Looking directly at the Sun is unsafe except during the brief total phase ("totality") of a total solar eclipse, when the Moon entirely blocks the Sun’s bright face, which happens only within the narrow path of totality. To find out whether your home or any other specific location is within the roughly 115-mile-wide path of the April 8, 2024, North American total solar eclipse, see Xavier Jubier's Google Map, which supports zooming in to street level.
During a partial or annular (ring) solar eclipse, such as the one on October 14, 2023 in the Americas, there is no time when it is safe to look directly at the Sun without using a special-purpose solar filter that complies with the transmission requirements of the ISO 12312-2 international standard.
The only safe way to look directly at the uneclipsed, partially eclipsed, or annularly eclipsed Sun is through special-purpose solar filters, such as “eclipse glasses” (example shown at left) or handheld solar viewers. Homemade filters or ordinary sunglasses, even very dark ones, are not safe for looking at the Sun; they transmit thousands of times too much sunlight. See our Reputable Vendors of Solar Filters & Viewers page for a list of manufacturers and authorized dealers of eclipse glasses and handheld solar viewers verified to be compliant with the transmission requirements of the ISO 12312-2 international safety standard for such products.
Instructions for safe use of solar filters/viewers:
- Always inspect your solar filter before use; if scratched, punctured, torn, or otherwise damaged, discard it. Read and follow any instructions printed on or packaged with the filter.
- Always supervise children using solar filters.
- If you normally wear eyeglasses, keep them on. Put your eclipse glasses on over them, or hold your handheld viewer in front of them.
- Stand still and cover your eyes with your eclipse glasses or solar viewer before looking up at the bright Sun. After looking at the Sun, turn away and remove your filter — do not remove it while looking at the Sun.
- Do not look at the uneclipsed, partially eclipsed, or annularly eclipsed Sun through an unfiltered camera, telescope, binoculars, or other optical device.
- Similarly, do not look at the Sun through a camera, telescope, binoculars, or any other optical device while using your eclipse glasses or handheld solar viewer — the concentrated solar rays could damage the filter and enter your eye(s), causing serious injury.
- Seek expert advice from an astronomer before using a solar filter with a camera, telescope, binoculars, or any other optical device; note that solar filters must be attached to the front of any telescope, binoculars, camera lens, or other optics.
- If you are inside the path of totality on April 8, 2024, remove your solar filter only when the Moon completely covers the Sun’s bright face and it suddenly gets quite dark. Experience totality, then, as soon as the bright Sun begins to reappear, replace your solar viewer to look at the remaining partial phases. Note that this applies only to viewing without optical aid (other than ordinary eyeglasses). Different rules apply when viewing or imaging the Sun through camera lenses, binoculars, or telescopes; consult an expert astronomer before using a solar filter with any type of magnifying optics.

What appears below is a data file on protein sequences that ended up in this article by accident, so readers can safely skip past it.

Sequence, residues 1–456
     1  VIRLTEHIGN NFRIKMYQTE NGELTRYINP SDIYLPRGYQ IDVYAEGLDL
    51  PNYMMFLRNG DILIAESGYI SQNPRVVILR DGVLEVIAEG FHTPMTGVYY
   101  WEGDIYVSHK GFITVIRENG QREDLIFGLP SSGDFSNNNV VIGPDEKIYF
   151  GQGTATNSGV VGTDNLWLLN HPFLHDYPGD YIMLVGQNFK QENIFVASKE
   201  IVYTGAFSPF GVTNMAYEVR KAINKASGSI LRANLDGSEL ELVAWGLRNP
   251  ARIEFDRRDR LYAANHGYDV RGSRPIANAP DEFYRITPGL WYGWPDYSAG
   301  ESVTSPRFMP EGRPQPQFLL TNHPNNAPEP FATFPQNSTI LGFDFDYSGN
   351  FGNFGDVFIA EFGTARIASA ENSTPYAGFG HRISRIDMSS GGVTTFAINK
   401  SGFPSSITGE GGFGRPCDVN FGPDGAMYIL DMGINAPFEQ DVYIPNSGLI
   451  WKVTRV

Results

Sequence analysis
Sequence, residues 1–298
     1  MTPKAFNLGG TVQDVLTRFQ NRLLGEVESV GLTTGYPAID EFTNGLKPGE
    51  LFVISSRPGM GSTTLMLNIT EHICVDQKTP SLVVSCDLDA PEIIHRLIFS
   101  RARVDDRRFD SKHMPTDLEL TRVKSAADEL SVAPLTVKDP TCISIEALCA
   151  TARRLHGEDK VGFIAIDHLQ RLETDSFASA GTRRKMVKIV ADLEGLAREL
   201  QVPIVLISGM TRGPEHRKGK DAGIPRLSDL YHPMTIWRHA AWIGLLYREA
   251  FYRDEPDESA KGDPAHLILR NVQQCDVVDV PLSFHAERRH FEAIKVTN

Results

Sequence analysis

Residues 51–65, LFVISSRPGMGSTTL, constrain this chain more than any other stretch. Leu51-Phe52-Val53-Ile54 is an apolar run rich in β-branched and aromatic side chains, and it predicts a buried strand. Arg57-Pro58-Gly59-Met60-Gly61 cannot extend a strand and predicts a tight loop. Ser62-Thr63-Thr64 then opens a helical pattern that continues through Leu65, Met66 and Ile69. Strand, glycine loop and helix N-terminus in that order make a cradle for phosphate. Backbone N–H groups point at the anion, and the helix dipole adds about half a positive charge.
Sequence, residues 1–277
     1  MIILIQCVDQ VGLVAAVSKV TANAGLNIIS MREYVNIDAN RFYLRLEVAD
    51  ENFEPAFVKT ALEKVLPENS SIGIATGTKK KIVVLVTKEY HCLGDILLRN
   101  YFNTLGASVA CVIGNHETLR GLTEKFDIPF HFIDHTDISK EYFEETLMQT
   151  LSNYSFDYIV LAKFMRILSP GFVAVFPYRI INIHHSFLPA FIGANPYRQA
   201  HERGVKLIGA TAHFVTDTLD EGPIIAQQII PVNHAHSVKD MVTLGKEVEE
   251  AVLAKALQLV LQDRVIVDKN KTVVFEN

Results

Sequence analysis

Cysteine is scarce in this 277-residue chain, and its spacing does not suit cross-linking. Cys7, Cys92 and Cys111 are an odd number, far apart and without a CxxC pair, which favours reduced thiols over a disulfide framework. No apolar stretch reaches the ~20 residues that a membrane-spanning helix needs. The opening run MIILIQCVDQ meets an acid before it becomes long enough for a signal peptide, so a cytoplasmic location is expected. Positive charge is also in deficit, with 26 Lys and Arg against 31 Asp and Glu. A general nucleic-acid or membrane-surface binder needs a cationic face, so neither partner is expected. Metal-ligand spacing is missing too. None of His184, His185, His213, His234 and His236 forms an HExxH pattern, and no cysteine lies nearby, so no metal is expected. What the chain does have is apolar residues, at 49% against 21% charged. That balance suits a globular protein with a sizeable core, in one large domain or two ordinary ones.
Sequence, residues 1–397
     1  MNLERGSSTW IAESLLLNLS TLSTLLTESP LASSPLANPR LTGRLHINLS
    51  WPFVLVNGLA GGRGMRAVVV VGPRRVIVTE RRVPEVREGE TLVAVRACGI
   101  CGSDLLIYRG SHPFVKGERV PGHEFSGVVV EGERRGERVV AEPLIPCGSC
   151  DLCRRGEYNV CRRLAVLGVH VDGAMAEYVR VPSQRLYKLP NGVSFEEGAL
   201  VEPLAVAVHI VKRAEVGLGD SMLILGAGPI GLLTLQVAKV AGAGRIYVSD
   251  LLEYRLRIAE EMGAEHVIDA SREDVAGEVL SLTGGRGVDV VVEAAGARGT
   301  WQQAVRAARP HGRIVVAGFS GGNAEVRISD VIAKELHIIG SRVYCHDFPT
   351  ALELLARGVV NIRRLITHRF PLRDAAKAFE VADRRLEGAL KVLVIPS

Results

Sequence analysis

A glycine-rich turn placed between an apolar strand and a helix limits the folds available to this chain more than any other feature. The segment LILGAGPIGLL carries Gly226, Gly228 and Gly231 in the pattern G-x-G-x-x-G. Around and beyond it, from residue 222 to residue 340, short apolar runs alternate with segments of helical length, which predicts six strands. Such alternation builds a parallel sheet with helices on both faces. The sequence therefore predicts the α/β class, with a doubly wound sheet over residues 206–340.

- Outside the path of totality, and throughout a partial or annular solar eclipse, you must always use a safe solar filter to view the Sun directly.
Note: If your eclipse glasses or viewers are compliant with transmission requirements of the ISO 12312-2 safety standard, you may look at the uneclipsed or partially eclipsed Sun through them for as long as you wish. Furthermore, if the filters aren't scratched, punctured, or torn, you may reuse them indefinitely. Some glasses/viewers are printed with warnings stating that you shouldn't look through them for more than 3 minutes at a time and that you should discard them if they are more than 3 years old. Such warnings are outdated and do not apply to eclipse viewers manufactured since 2015, compliant with the ISO 12312-2 standard adopted that year, and in excellent condition. To make sure you get (or got) your eclipse glasses/viewers from a supplier of ISO-compliant products, see our Reputable Vendors of Solar Filters & Viewers page.
An alternative method for safe viewing of the partially eclipsed Sun is indirectly via pinhole projection. For example, cross the outstretched, slightly open fingers of one hand over the outstretched, slightly open fingers of the other, creating a waffle pattern. With your back to the Sun, look at your hands’ shadow on the ground. The little spaces between your fingers will project a grid of small images on the ground, showing the Sun as a crescent during the partial phases of any solar eclipse or as a ring during the annular phase of an annular eclipse. Or just look at the shadow of a leafy tree during a partial or annular eclipse; you'll see the ground dappled with crescent or ring-shaped Suns projected by the tiny spaces between the leaves.
A solar eclipse is one of nature’s grandest spectacles. By following these simple rules, you can safely enjoy the view and be rewarded with memories to last a lifetime.
This safety information has been endorsed by the American Astronomical Society, the American Academy of Ophthalmology, the National Aeronautics and Space Administration, the American Academy of Optometry, the American Optometric Association, and the National Science Foundation.
Note: This web page does not constitute medical advice. Readers with medical questions should contact a qualified eye-care professional.